Donald M. Kartiganer and Ann J. Abadie, eds.
Faulkner at 100: Retrospect and Prospect

Jackson: UP of Mississippi, 2000. xxix+299pp.


    Faulkner at 100 is a collection of the papers presented at the 1997 Faulkner and Yoknapatawpha Conference. The largest gathering of Faulkner scholars in the twenty-four-year history of the conference commemorated the hundredth anniversary of Faulkner's birth. This volume contains not only the papers read and the responses to the presentations at the meeting but also speeches celebrating the centennial of the writer and the program for the celebration at the University of Mississippi. Accordingly it takes on a different aspect from those published before in the series of the conference.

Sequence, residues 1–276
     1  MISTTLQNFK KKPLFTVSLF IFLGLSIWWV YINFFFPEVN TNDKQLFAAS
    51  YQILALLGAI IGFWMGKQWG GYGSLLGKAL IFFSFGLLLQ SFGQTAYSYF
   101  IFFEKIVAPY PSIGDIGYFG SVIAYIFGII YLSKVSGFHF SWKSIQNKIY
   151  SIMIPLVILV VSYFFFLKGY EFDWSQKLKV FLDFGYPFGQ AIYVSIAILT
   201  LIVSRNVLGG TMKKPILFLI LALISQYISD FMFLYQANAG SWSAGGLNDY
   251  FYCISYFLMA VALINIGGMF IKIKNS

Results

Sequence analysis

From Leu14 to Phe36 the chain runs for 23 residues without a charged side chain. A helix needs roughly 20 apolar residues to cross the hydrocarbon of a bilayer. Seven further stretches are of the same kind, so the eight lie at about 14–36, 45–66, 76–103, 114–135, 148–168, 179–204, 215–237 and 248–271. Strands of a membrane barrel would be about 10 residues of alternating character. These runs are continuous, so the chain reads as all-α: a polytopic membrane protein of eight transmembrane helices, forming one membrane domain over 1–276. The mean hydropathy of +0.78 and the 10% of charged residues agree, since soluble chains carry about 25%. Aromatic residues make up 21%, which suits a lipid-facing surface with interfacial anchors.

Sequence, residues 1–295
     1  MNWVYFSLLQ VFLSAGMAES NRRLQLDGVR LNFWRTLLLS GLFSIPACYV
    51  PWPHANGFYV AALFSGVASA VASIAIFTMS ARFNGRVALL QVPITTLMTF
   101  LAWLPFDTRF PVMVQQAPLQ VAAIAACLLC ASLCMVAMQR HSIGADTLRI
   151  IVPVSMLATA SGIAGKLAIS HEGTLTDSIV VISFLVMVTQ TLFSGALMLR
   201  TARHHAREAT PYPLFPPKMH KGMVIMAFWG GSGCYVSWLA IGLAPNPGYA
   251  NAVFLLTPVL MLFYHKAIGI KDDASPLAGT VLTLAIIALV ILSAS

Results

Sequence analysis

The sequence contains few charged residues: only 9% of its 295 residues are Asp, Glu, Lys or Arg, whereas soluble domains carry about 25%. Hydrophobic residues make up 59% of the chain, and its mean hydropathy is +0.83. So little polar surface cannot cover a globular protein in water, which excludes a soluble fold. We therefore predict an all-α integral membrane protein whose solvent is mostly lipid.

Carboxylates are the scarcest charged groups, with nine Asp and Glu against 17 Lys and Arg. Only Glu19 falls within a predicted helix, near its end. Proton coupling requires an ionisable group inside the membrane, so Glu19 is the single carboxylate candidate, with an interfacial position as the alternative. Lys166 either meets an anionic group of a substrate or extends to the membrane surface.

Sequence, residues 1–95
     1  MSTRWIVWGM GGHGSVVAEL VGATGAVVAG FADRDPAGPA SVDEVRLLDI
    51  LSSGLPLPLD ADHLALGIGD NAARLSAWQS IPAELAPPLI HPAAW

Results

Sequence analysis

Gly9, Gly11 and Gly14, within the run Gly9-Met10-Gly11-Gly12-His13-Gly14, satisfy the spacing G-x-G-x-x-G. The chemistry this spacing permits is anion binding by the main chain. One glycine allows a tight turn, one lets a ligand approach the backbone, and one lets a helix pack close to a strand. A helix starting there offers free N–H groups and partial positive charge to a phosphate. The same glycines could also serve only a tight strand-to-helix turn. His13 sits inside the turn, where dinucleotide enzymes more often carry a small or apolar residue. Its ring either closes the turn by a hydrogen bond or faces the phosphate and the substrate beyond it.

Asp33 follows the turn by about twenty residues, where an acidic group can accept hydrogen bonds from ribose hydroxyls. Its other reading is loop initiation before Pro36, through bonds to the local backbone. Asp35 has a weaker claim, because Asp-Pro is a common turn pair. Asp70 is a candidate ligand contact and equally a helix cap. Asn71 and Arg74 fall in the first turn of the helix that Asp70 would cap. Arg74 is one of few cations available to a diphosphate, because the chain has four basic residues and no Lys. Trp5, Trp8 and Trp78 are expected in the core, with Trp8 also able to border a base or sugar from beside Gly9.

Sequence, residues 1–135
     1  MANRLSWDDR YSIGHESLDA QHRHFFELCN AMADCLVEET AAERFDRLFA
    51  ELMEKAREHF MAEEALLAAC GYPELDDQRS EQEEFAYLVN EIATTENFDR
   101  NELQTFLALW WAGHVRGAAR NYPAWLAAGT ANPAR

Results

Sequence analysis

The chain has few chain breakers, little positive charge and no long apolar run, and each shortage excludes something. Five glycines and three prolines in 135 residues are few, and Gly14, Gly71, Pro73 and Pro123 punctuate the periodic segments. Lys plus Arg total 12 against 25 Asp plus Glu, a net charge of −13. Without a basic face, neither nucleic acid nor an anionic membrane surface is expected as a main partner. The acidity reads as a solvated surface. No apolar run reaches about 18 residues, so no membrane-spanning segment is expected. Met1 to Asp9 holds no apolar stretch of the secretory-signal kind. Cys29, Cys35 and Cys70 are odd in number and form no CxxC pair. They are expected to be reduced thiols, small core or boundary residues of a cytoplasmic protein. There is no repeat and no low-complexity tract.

Five panel presentations consisting of fifteen papers and five comparatively long essays inserted between the panels discuss the life and work of the writer from various angles. André Bleikasten follows Faulkner studies and criticism up to now, and assesses them in retrospect, in his "Faulkner in the Singular." American Faulkner studies up to the early seventies, according to Bleikasten, were generally influenced by New Criticism and the formalistic tenets, except for the first three book- length studies by Olga Vickery, Michael Millgate, and Cleanth Brooks. Theory introduced from France, classified under the loose label of "post-structuralism," dominated criticism in America in the late seventies and the eighties, when "ideas about language, literature, culture, and history"(205) were changed drastically. American Faulkner studies, bristling with philosophical, psychoanalytical, and linguistic abstractions, became increasingly theory-oriented, and are now based on the French theorists of the sixties and seventies. Bleikasten expresses misgivings that the current dominance of cultural criticism based on questions of race, class, and gender should imprison Faulkner in Southernness once again. Reviewing Faulkner studies in "retrospect," Bleikasten shifts the topic to the "prospect" of the studies. Issuing a warning against reading Faulkner in the light of some literary theory, that is, reading some criticism into Faulkner, Bleikasten tries to exploit the possibility of a new reading of Faulkner in responding "to the prodigious energy and restless inventiveness of Faulkner's language," and listening to the scandalous wisdom of his tales (217). In "Defining Moment: The Portable Faulkner Revisited," Michael Millgate traces the process of the making of The Portable Faulkner by Malcolm Cowley, and recapitulates the compilation, examining its comprehensive emphasis on the writer's Southernness. Cowley's attempt, according to Millgate, retrieved Faulkner's reputation from oblivion and led the writer to win the Nobel prize for literature, but at the same time, there is a possibility that it made Faulkner one of the nationalistic writers and deployed him "as a powerful weapon in the ideological battles of the Cold War" (33). John T. Matthews explores Faulkner's language, especially black dialect, and illustrates how the American minstrel tradition provides the writer with "the means both to search for the long-suppressed black voices composing his world and also to register the kinds of historical interference that complicate the reproduction of speech and experience across a racial divide"(87), reading Faulkner's texts as the product of experiments in modernism.